Why mortality rates from coronavirus infection differ widely in the different countries of the world?
Coronavirus infection is continuing to spread despite nations adopting control measures to check it. In the last few days, the alarming thing coming up is the high mortality rate due to coronavirus infection in Italy. More than 7500 deaths have taken place in Italy and in Spain, deaths have surpassed those in China. Italy has seen a high death rate not witnessed in other regions. What is the likely reason for it? Why are death rates due to coronavirus showing such wide variations?
Mortality rates due to coronavirus country-wise
Italy has recorded the highest mortality rates due to the virus. It has crossed 10% mark with over 7500 deaths out of 74386 infections. The trucks are making frequent shifts to move the deceased, churches are stacked with dead bodies, and crematoria are overburdened.
But rates of deaths vary between the countries. An overview shows that Italy, Spain, and China are on the higher side in terms of death rates. In Germany, deaths were 0.43 % of confirmed COVID-19 cases and in Norway, it was 0.34 % whereas in Singapore, it was 0.39 %, according to the World Health Organization statistics. And in the other countries, the death rate was around 1 % which included in Canada and the USA. But in the UK, it was over 5 %, 6.6 % in Spain and 7.8 % in Iran.
Reasons for this diverse mortality rates
One reason for this wide disparity in mortality rates could be the differing testing of cases in the countries. In countries where testing is limited, the confirmed cases are less compared to the deaths and hence that tilts the mortality rate falsely upwards.
But demographic differences, political issues, average age of population, differences in smoking rates, and health care spending also influence the death rate.
Dalhousie University microbiologist David Kelvin feels that Italians greet each other more intimately such as with embraces and kisses. Hence this increases spread. But he admits that he has no scientific data to back his claims. And in northern Europe and North America it is more of handshakes. David explained:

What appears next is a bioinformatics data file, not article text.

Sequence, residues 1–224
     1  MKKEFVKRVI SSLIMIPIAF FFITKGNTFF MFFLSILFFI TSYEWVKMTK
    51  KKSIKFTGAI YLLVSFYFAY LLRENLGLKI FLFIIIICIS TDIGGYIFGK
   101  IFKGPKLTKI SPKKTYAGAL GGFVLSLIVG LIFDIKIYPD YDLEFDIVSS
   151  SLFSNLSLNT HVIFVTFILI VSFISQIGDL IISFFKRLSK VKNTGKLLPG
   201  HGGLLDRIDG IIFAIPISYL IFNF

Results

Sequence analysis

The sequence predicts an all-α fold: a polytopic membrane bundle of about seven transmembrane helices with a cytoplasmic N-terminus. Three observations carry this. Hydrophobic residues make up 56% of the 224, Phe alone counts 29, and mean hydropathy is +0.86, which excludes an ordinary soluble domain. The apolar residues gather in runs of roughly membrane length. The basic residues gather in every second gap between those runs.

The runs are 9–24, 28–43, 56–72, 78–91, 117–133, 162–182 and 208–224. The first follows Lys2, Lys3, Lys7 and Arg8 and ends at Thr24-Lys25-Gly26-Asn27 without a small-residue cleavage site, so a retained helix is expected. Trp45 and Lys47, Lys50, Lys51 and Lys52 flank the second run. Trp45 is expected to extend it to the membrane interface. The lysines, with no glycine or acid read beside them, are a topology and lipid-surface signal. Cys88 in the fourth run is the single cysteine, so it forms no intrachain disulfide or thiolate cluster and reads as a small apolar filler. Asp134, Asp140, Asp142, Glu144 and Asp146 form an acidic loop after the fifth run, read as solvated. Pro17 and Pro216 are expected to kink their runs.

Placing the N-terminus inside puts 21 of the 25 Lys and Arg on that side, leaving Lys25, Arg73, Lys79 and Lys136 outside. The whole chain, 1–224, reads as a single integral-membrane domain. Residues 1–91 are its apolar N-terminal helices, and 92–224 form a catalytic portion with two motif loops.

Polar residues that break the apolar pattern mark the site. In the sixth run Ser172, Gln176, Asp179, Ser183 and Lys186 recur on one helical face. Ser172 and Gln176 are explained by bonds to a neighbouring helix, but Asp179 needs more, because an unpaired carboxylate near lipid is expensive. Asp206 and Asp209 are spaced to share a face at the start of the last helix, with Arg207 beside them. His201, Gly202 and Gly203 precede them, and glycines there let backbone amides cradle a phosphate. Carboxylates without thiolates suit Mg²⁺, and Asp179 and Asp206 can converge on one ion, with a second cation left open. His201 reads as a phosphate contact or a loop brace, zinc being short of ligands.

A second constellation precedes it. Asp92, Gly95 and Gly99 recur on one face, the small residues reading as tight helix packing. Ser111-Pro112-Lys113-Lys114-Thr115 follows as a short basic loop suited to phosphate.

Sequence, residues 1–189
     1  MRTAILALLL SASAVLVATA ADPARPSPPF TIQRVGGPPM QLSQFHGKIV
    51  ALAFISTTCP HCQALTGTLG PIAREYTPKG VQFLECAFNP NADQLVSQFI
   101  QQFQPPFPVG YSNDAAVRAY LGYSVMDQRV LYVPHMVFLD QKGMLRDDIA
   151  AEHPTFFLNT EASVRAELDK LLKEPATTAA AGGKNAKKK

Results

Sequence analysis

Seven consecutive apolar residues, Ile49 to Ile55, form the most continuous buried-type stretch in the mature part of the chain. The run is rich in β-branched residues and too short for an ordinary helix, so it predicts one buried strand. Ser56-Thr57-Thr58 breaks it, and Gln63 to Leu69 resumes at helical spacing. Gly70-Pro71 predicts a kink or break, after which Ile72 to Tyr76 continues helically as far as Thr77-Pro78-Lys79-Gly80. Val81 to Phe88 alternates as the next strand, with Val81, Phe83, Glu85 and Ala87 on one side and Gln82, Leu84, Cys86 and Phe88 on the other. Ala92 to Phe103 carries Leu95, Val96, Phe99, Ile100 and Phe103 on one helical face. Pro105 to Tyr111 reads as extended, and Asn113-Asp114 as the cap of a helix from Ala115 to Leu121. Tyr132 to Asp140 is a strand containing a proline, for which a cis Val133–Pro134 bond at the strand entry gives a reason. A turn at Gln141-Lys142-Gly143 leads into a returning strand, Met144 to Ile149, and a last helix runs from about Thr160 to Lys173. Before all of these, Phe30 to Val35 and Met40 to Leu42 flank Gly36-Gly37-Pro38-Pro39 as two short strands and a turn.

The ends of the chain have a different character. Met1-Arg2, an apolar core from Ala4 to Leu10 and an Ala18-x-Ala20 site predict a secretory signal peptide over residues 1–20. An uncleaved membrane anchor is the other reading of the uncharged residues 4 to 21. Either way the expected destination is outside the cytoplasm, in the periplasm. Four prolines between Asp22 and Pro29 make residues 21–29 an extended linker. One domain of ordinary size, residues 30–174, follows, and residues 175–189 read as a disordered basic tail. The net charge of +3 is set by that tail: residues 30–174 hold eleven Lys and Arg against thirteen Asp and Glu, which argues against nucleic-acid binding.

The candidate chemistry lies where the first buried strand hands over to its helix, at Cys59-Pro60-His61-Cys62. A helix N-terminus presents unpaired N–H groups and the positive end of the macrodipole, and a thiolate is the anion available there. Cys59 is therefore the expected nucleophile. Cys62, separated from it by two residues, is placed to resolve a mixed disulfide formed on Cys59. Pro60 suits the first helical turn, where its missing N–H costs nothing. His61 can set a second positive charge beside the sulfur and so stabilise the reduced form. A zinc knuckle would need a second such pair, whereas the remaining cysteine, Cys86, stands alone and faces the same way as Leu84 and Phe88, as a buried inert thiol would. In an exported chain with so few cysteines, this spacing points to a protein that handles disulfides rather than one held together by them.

“Your odds of being infected are likely much greater with a kiss on each cheek and a hug. And if viral load plays an important factor in outcome of the disease, the chances of getting a higher viral load is probably greater getting up very close.”
But experts feel that it is yet too early to interpret data and provide explanations. Some countries may still be at the start of infections and others might have advanced into the natural course of the disease and hence seeing more deaths. Others may be recovering and witnessing a decline in fatalities. Also, in some countries their health care may have become overwhelmed and unable to cope and causing more deaths. One can have a clearer idea and picture only once the pandemic is over.
Dr. James Gill, the clinical lecturer at Britain’s Warwick Medical School said:
“At the moment we’re all in the race and we’re all looking forward,”
“We only have a good handle on half of the equation. We know how many people have died. We can measure that one easily. The problem is we don’t know how many people have been infected.”
Source: National Post